The terms “definite atonement” or “particular redemption” are much better suited, and we should discipline ourselves to use them exclusively. Let us now state some of the arguments which militate in favor of definite atonement and proceed thereafter to consider objections frequently raised against it.
II. Arguments for Definite Atonement.
1. The Scripture emphasizes the definite relation of the mission of Christ, and specifically of His death to those whom He actually redeems. Christ gave Himself for His people (Mt. 1:21), for His friends (John 15:13), for His sheep (John 10:15), for his church (Eph. 5:23–26, Acts 20:28), for many (Mt. 20:28; 26:28; Mk. 10:45), for us (Tit. 2:14), for me (Gal. 2:20). These expressions need not be construed as exclusive of others not explicitly mentioned—(this is quite manifest in the case of Gal. 2:20)—but the specific reference in all these passages certainly indicates that the relationship of the work of Christ to those who are saved is different from that which it bears to those who are lost.
2. The Scripture teaches that the definite purpose of the Father in sending the Son and of the Son in coming into this world was to “gather into one the children of God who were scattered,” (John 11:52), to save those “who were given to Him,” (John 6:38, 39), to redeem “us from every iniquity,” (Tit. 2:14). These and similar passages make it plain that the redemptive purpose is specifically oriented toward those who are in fact redeemed.
3. The Scriptural language concerning the work of Jesus Christ does indicate more than a general intention which would await the fulfillment of additional conditions before effectuation could be achieved. Specifically the Scripture represents Christ’s work as redemption (Eph. 1:7; Rom. 3:24; I Pet. 1:18, 19; Matt. 20:28, etc.): this implies that the people in view are actually redeemed. The Scripture speaks of propitiation (I John 2:2, 4:10; Rom. 3:24, Heb. 2:17): this term implies that God is actually appeased and that He does not deal any further in terms of His righteous anger with those who are under the benefit of propitiation. The Scripture speaks of reconciliation (Col. 1:21, 22; Rom. 5:10; II Cor. 5:18–20, etc.): this term implies that those who were estranged are actually brought back into a relationship of friendship and fellowship. What kind of redemption would this be where the redeemed are still under the power of the enemy? What kind of propitiation, where God still deals in wrath? What kind of reconciliation where estrangement continues to exist and is even sealed for eternity? These three terms, severally and jointly, bear witness to the fact that the Scripture views the work of Christ as bringing about the effectuation of salvation.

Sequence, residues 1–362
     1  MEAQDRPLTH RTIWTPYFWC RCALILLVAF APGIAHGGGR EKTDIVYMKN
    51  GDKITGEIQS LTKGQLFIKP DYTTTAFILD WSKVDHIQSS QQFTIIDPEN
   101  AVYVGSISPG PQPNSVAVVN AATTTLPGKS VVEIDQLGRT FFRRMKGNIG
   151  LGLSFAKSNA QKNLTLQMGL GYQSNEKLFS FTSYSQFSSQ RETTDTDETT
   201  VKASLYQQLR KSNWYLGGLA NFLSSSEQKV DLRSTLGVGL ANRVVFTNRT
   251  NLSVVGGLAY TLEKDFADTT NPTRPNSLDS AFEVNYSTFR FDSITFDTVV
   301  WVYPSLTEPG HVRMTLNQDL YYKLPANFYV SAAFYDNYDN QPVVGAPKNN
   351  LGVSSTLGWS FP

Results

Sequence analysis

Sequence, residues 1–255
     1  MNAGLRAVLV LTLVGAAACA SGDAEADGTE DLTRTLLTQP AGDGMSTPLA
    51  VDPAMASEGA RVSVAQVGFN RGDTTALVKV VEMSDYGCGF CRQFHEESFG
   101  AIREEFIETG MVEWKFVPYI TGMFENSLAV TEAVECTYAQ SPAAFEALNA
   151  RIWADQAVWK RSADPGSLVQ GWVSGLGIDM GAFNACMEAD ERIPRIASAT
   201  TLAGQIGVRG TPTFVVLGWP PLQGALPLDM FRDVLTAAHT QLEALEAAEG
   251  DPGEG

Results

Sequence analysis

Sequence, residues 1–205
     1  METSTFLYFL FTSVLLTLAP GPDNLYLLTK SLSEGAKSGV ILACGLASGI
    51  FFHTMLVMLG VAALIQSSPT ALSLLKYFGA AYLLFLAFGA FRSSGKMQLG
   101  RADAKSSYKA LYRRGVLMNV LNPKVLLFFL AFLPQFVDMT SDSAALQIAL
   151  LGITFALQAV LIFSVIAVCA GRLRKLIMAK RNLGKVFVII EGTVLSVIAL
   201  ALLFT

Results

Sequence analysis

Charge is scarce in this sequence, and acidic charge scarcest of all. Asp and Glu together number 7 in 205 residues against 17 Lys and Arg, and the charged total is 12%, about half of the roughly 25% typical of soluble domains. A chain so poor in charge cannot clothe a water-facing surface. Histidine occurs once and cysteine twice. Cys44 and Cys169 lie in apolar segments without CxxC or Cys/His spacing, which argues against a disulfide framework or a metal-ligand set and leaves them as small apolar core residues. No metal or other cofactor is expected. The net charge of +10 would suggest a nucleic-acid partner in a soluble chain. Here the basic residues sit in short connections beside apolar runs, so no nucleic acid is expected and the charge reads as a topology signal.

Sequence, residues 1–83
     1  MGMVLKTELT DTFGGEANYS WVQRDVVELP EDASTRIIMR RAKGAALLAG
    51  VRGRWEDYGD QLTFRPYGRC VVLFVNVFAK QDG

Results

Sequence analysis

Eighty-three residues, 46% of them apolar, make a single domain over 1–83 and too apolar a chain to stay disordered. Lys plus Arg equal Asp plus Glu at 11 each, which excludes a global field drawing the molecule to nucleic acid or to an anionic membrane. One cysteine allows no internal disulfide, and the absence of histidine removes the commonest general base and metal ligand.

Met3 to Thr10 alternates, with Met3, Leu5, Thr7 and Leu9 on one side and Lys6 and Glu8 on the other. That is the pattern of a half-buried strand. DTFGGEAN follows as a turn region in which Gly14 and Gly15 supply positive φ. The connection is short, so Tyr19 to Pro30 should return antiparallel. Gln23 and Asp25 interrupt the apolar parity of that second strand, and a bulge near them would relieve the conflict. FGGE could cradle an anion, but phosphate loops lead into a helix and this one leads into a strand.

4. The question must be raised whether the purpose of the work of Christ is to effect divine reconciliation and human redemption, or merely to render God reconcilable and man salvable. If the former, definite atonement follows as indicated above under 3; if the latter, a human ingredient is to be superadded to the work of Christ. It is this human ingredient which determines the difference between the saved and the lost, and the conclusion follows that the work of Christ by itself actually saves no one. This would appear derogatory to Christ and repugnant to Scripture. A conditional impetration is really no impetration at all.
5. Saving faith, being the gift of God (Acts 13:48; 18:27; Phil. 1:29, etc.), is granted to man as a fruit of the saving work of Christ. If this work is universal in its scope, it is difficult to see why faith is not conferred upon all men. Yet it is patently plain that all men do not believe, and the conclusion follows that the work of Christ, as well as its fruition in faith, is designed for the redeemed.
6. Particular redemption is an inevitable implicate of a recognition of the penal substitutionary nature of the atonement. Now this vicarious nature is a common tenet of the evangelical faith. And if we want to avoid the shoals of outright universalism, definiteness involves that the work of Christ was intended to terminate redemptively upon a part only of mankind, variously named His people, His Church, His body, His sheep, the elect. In this view the remainder of mankind is related to Christ differently, both as to the divine intention and as to the actual implementation of salvation.
If we do hold that Christ died substitutionally for all mankind bearing the divine penalty for the sins of all men, it would appear that at the day of judgment there will remain nothing to be punished, and consequently all men should be saved. But in fact all men will not be saved, and except for the elect whose sin will be forgiven in view of the work of Christ, men will have to answer to divine justice for their deeds (Mt 16:27; Rom. 2:6; Col. 3:25; Rev. 20:12, etc.). Here the classic formulation of John Owen may well be quoted: